As with the proposal Congressman Paul Ryan (D) of Wisconsin has made to reform Medicare, these phase-out provisions in general would only apply to people who are presently younger than 55. Also, the thresholds for the phase-outs would be annually adjusted for inflation and would reflect at the time the provisions become law the inflated value of $75,000 and $175,000 in 2011 dollars.
The Social Security phase-out proposal is similar to the phase-out for such payments under Canadian law. The Canadian phase-out (what Canadians call a claw-back), which was enacted many years ago, is not considered controversial and is generally accepted as fair.
And the Medicare proposal is structured so that even a high-income person who elected to self-insure would not see all of his or her assets completely depleted as a result of the cost of health care. This point can be illustrated as follows. Once a retired person’s investable assets (including assets held in a pension plan, but not a principal residence) produced less than $175,000 in retirement income, the person would be entitled to some support from Medicare, and if such person’s investable assets failed to produce $75,000 in retirement income, the person would be entitled to full Medicare benefits.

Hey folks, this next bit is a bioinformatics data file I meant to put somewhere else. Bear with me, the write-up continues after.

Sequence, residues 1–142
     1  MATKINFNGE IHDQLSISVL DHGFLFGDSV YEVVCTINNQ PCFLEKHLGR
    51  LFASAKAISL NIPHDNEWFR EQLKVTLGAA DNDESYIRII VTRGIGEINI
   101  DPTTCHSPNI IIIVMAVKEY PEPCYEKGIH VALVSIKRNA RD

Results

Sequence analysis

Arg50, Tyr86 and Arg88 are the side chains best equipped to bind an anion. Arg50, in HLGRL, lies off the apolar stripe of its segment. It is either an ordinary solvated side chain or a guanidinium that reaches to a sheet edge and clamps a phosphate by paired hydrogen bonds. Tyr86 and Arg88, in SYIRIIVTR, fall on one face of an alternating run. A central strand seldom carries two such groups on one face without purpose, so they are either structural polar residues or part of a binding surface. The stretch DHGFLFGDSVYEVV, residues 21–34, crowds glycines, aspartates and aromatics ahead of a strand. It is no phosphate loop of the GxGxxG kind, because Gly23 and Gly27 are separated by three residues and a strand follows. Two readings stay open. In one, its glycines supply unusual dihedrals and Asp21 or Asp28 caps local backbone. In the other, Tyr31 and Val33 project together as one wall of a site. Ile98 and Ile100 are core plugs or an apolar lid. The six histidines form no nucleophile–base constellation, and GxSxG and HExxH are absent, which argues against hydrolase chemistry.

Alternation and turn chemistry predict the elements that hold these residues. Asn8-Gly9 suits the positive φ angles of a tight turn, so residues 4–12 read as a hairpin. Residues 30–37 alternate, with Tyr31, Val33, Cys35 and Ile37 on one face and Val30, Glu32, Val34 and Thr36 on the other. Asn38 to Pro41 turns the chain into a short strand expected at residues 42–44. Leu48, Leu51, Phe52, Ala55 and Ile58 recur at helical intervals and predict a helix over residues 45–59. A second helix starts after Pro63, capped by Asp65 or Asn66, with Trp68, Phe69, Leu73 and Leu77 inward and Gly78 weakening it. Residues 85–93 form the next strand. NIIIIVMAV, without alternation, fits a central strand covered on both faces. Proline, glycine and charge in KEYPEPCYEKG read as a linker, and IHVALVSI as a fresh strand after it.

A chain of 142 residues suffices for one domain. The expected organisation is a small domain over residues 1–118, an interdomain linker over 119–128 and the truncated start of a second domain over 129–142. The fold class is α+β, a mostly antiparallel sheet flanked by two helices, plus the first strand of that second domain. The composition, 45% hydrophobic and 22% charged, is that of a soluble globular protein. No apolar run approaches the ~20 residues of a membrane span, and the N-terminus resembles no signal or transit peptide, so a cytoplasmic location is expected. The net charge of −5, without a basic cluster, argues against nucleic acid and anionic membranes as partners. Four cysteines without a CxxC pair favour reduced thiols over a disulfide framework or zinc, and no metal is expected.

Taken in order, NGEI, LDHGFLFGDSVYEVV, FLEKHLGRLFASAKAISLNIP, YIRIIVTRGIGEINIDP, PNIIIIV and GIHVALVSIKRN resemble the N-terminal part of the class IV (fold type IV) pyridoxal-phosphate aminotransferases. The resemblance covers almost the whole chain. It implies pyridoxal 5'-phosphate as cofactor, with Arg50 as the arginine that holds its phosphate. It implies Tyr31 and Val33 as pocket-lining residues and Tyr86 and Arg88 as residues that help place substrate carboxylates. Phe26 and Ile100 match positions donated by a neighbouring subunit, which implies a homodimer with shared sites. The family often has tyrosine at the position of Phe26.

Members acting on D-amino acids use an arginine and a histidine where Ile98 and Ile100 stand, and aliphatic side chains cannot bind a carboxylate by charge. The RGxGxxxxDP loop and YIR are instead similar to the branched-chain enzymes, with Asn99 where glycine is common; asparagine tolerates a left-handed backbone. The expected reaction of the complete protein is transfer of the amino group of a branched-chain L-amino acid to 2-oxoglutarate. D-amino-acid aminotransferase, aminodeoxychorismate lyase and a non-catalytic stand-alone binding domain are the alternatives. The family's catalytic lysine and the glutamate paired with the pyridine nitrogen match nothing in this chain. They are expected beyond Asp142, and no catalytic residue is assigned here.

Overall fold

With a 5 percent annual return of earnings and capital gains, the $175,000 threshold would translate into approximately $3.5 million in investable assets, and the $75,000 threshold would translate into approximately $1.5 million in investable assets. So, as a practical matter, a retired person with less than approximately $1.5 million in investable assets would likely be entitled to full Medicare benefits. Consequently, someone who self-insured would not see his or her investable assets reduced below approximately $1.5 million as a result of medical bills.